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William PERRY (b. 1930)
Music for Great Films of the Silent Era - Vol. 2
Silent Film Heroines (Lilian Gish, Mary Pickford, Greta Garbo, Gloria Swanson, Vilma Bánky, Betty Bronson, Pearl White and Janet Gaynor) – A Song-Suite for mezzo soprano and orchestra [33.03]
Summer Nocturne for flute and orchestra [12.02]
Brass from the Past: concerto for ophicleide and orchestra [21.47]
Hearts of the World  [12.04]
Wallis Giunta (soprano); John Brancy (baritone) ; Timothy Hutchins (flute); Nick Byrne (ophicleide); Michael Chertock (piano) (all except Summer Nocturne).
RTÉ National Symphony Orchestra/Paul Phillips
rec. National Concert Hall Dublin, 2014
world premiere recordings except Summer Nocturne
NAXOS 8.573105 [79.09]

This album is part two of a collection of music for silent films composed by William Perry. Part one is available on Naxos 8.572567.

The programme begins with separate musical portraits of eight silent film heroines as portrayed by the big female stars of the day in Perry’s Silent Film Heroines: A Song-Suite. Wallis Giunta colours her voice convincingly and enchantingly in portraying the on-screen heroines beginning with Lilian Gish’s portrayal. This brims with the pathos of the young heroine of Orphans of the Storm (1921) who is a young woman who brings her blind sister into 18th century revolutionary Paris in search of medical help. Mary Pickford’s Polyanna (1920) is a bright and lively juvenile portrait. Greta Garbo’s and Vilma Bánk’s portraits are glorious romantic melodies: Garbo for A Woman of Affairs (1928) who is searching “for the right kind of man” and Bánky in The Night of Love (1927) says “There is a love in the Gypsy soul, love that you cannot control”. Comedy is king when Gloria Swanson as a chorus girl tries to become posh to impress a man in Fine Manners (1926). Betty Bronson’s heroine was Peter Pan (1924) and here her music is boyishly heroic yet full of grace. Pearl White was a renowned actress who was featured in many serials such as The Perils of Pauline (1914). These always climaxed in cliff-hangers at the end of each episode. Finally Janet Gaynor starred in Seventh Heaven (1927) a romance set in the Paris of World War I. She believes her lover has been killed in action nevertheless she waits in their little flat on the seventh floor just in case he returns.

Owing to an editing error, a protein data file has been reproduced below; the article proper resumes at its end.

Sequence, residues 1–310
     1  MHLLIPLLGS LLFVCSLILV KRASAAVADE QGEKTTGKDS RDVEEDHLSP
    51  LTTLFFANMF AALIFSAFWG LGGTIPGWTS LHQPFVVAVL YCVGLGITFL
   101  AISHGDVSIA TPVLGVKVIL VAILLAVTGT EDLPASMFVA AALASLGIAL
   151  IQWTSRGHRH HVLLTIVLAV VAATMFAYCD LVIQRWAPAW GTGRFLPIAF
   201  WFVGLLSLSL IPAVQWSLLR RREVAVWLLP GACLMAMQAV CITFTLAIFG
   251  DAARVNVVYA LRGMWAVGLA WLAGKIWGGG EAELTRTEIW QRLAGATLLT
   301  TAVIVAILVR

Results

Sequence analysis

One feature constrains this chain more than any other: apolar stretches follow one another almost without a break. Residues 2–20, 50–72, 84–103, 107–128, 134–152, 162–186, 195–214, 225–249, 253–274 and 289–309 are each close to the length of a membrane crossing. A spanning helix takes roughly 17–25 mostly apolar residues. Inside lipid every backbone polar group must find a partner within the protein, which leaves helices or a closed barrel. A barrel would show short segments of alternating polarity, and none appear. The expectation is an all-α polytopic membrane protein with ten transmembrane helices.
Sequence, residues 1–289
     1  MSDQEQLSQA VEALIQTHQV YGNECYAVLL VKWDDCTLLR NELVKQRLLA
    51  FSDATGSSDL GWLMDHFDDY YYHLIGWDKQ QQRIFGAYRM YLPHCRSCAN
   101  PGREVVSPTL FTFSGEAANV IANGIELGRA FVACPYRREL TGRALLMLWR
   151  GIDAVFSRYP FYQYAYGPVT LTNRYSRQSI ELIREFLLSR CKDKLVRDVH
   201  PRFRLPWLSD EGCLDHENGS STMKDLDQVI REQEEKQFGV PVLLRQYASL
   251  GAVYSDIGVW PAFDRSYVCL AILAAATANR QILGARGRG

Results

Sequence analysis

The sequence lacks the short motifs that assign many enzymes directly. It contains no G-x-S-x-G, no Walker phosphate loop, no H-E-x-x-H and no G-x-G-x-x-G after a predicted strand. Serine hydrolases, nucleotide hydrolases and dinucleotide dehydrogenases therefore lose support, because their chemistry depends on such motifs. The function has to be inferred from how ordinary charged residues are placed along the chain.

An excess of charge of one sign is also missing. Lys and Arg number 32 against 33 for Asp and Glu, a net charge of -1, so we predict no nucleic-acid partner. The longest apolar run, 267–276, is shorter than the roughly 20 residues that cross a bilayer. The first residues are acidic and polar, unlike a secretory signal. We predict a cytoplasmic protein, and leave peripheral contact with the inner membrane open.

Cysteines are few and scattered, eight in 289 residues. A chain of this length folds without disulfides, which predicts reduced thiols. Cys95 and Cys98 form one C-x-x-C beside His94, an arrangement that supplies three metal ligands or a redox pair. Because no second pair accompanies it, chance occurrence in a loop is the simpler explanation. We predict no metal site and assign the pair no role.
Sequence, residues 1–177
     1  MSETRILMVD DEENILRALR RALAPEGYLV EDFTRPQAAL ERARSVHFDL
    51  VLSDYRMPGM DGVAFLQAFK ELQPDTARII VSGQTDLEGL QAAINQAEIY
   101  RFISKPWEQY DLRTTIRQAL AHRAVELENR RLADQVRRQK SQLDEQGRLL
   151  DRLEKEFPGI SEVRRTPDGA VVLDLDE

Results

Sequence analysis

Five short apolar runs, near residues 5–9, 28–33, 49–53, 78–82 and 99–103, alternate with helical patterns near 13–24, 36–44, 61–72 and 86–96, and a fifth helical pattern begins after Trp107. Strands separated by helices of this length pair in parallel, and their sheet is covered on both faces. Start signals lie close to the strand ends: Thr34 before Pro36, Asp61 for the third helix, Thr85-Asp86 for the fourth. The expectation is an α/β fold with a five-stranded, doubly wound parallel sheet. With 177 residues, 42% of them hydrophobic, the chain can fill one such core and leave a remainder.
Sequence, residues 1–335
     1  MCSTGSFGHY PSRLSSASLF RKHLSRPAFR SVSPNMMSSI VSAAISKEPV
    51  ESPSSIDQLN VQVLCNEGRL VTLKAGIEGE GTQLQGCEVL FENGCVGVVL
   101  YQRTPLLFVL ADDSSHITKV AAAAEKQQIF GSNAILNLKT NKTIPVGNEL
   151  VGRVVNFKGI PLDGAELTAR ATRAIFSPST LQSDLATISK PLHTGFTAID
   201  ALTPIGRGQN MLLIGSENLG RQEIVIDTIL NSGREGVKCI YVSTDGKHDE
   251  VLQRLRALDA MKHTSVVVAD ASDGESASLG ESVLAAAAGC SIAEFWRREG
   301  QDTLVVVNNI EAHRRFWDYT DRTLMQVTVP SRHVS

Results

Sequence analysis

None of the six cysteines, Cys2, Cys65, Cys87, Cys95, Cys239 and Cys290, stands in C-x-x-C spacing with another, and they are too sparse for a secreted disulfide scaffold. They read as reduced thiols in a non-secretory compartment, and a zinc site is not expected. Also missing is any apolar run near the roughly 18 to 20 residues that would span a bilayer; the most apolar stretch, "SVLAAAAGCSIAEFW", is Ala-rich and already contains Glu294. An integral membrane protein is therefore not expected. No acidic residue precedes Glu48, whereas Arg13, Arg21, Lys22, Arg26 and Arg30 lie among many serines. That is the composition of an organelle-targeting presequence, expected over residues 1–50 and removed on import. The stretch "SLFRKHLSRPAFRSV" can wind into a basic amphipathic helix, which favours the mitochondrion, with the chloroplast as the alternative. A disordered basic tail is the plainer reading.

Perry’s Summer Nocturne for flute and orchestra was composed for a 1923 King Vidor film entitled Three Wise Fools. The music suggests a nightingale who observes children playing and lovers walking hand in hand. He flies off as darkness descends. The music is sweetly evocative of all the vignettes with a lovely melody for the romance. There is too a hint of Delius.

Whoever remembers the ophicleide? It was a bass brass instrument that was superseded by the tuba. It had a certain character that William Perry deemed could be used in film music to suggest specific characters and moods. His Brass from the Past is a concerto for the instrument and orchestra cast in four movements: ‘Blue Ophicleide’ because it was occasionally used in the dance bands of the early 1900s; ‘Military Ophicleide’ has a chain of four different marches; ‘Pastoral Ophicleide’ is a lyrical elegy and ‘Latin Ophicleide’ presents the instrument in rumba and beguine settings as Perry reminds us that the instrument was once popular in Cuba and Brazil.

Finally Wallis Giunta is joined by baritone John Brancy in Perry’s music for the D.W. Griffiths film Hearts of the World. In the space of a little over twelve minutes this is a dramatically effective and affecting tale of how the peace and serenity of a charming French village is blasted by the ravages of World War I. As part of the composition, Perry set verses by Charles Kingsley to evoke the happiness and terror experienced through the years before, during and after the conflagration.

A worthy follow-up to the original collection of William Perry's music for ssilent films.

Ian Lace


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